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| Outdoors |

PHOTOS COURTESY OF ALABAMA DEPARTMENT OF CONSERVATION AND NATURAL RESOURCES

Bears on the move

As bear and human populations increase, so do contacts

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s weather improves, more Alabamians venture outdoors to enjoy hiking, picnicking, turkey hunting, fishing and other activities, but they are not alone! Another very large, toothy Alabama resident could watch their every move. “Historically, black bears lived throughout the entire state,” says Thomas Harms, the top large carnivore biologist for the Alabama Department of Conservation and Natural Resources. “The population in Alabama is expanding.” Harms estimates that 400 or so black bears live in the state. Probably about 300 bears live in Baldwin, Mobile, Washington and Monroe counties. Another 50 to 100 live in the Little River Canyon area of northeastern Alabama. Others may wander through just about any county at times. John N. Felsher lives in Semmes, Ala. Contact him through Facebook.

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Most Alabama male bears weigh about 300 to 350 pounds and females about 100 pounds less. Compare that to grizzlies, which could exceed 1,500 pounds and stand more than nine feet tall. While not as big as their giant cousins, black bears still pose a serious danger to anyone who crosses their paths. Incredibly powerful predators with big claws and teeth, black bears can kill people and cause extensive property damage if they wish. Fortunately, attacks rarely happen. Actually quite shy, the official Alabama state mammal characteristically tries to avoid people. A bear could live near a residential area and no one will see it. “The last thing a bear wants to see is a human,” Harms says. “We haven’t had any bear attacks in Alabama in modern times. Like most animals, bears have a natural fear of people. It’s surprising how well such a large animal can remain hidden. People can go in the woods every day and not see a bear, but the bear probably sees the per-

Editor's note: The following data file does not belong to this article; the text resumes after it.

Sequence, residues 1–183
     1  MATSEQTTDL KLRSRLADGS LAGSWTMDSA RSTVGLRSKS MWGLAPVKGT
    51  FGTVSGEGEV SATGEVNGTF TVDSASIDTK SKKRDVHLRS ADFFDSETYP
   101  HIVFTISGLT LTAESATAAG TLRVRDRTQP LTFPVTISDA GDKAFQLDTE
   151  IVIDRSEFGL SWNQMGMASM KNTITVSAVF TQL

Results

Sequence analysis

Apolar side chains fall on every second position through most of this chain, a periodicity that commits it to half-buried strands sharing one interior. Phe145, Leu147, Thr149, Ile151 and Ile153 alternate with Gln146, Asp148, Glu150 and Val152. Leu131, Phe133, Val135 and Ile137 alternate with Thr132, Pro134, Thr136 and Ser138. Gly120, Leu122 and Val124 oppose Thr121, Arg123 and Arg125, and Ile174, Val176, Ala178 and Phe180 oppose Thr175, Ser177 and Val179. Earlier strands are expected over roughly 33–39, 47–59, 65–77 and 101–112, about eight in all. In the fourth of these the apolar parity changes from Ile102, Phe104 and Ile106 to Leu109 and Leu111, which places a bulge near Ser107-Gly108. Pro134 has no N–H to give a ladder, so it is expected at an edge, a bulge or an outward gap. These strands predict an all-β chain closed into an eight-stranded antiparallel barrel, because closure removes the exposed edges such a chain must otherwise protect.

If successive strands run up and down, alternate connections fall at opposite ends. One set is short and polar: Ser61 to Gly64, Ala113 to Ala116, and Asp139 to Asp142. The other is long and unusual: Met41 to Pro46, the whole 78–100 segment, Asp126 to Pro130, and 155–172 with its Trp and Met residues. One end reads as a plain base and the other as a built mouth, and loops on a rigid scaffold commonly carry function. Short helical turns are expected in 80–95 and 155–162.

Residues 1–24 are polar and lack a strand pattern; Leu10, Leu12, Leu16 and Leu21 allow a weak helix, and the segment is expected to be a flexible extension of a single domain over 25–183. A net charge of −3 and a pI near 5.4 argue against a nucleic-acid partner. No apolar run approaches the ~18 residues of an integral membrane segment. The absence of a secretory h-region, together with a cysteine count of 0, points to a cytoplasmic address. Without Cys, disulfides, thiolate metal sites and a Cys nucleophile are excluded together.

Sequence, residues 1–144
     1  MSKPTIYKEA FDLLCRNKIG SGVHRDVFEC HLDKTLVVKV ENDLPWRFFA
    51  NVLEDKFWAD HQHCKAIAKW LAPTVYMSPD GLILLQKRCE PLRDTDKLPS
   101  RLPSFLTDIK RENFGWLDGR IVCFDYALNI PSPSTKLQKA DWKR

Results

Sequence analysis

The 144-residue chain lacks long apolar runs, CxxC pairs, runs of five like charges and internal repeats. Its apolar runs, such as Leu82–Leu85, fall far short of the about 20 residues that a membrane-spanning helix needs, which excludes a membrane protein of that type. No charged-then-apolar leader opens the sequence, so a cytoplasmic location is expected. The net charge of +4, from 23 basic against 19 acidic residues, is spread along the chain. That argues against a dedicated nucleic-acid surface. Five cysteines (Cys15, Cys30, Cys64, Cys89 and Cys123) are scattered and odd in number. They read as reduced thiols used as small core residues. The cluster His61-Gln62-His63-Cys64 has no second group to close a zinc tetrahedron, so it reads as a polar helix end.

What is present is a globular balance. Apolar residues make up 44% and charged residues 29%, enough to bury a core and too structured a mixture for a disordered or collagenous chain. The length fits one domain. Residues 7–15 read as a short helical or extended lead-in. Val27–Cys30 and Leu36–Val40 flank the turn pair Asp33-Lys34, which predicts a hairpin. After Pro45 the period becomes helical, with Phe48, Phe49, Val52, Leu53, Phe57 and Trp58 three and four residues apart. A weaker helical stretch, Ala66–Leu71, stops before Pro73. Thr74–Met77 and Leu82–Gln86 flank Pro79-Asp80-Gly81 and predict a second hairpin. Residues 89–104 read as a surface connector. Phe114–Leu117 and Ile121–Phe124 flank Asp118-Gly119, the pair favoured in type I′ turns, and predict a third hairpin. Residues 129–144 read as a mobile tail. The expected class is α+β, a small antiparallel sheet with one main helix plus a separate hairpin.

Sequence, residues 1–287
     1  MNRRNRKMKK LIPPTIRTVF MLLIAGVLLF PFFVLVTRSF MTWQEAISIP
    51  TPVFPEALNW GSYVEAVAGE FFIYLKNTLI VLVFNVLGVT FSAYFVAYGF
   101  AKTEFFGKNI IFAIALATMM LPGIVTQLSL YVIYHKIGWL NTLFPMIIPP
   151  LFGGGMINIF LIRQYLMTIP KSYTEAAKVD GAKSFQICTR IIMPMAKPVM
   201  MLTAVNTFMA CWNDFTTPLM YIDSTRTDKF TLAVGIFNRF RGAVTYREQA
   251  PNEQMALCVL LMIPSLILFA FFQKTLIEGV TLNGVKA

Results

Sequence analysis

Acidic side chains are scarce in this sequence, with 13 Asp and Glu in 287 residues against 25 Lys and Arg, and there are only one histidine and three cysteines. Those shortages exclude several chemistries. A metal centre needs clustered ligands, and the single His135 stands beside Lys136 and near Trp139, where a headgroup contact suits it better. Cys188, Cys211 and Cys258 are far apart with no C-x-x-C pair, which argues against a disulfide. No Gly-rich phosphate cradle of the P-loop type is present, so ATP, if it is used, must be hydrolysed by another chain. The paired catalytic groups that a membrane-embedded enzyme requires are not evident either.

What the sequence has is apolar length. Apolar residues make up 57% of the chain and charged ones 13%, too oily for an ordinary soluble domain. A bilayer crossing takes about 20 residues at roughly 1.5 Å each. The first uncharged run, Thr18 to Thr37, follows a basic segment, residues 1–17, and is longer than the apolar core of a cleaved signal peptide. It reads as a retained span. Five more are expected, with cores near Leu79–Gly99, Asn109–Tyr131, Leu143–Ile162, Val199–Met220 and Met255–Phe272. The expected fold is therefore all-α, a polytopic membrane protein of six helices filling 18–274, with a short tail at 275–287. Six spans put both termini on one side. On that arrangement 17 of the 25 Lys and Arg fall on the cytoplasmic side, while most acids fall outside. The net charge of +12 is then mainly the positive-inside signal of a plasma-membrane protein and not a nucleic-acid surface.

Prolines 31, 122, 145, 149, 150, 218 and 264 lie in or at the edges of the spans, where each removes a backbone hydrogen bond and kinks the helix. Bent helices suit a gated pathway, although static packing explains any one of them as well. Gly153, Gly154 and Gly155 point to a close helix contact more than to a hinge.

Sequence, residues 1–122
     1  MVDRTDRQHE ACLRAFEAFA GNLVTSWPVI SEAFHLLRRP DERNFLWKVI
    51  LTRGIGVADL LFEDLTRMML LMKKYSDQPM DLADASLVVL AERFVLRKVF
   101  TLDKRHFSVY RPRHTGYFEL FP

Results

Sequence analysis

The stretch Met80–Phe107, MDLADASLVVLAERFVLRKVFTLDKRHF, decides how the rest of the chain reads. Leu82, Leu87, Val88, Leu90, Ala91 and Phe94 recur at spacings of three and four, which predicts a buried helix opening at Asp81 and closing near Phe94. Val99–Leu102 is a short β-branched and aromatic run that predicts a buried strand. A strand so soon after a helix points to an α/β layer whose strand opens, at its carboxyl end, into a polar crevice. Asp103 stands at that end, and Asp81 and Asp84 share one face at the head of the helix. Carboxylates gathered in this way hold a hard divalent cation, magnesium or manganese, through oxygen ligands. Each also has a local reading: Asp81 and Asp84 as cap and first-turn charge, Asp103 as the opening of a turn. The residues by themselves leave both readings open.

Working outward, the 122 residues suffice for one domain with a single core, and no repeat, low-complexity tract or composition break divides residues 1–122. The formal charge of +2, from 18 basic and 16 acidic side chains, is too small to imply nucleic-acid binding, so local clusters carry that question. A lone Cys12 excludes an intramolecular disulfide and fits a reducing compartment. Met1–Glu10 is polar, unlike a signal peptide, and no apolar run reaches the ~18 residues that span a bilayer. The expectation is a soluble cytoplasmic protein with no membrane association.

son every time. They know when a person is in the woods and they want to get away as quickly as they can.” Some hikers carry whistles or horns with them to frighten off any bears they might see. Others carry pepper spray as a last resort. Anyone who does spot a bear in the forests should just leave it alone and go somewhere else. “A bear is not out to eat a human,” Harms says. “If you stumble upon a bear in the woods, let it know you are there so it can get away. Give the bear space. Back away from it. Don’t turn and run away from it because that could trigger a predatory instinct in the bear.” However, as the bear and human populations continue to grow, the two species might bump into each other more frequently, particularly in places like Mobile County with large human and bear populations. Most bear-human encounters typically involve food. An omnivore, a bear will eat practically anything. www.alabamaliving.coop

Profile for Alabama Living

April 2018 baldwin  

April 2018 baldwin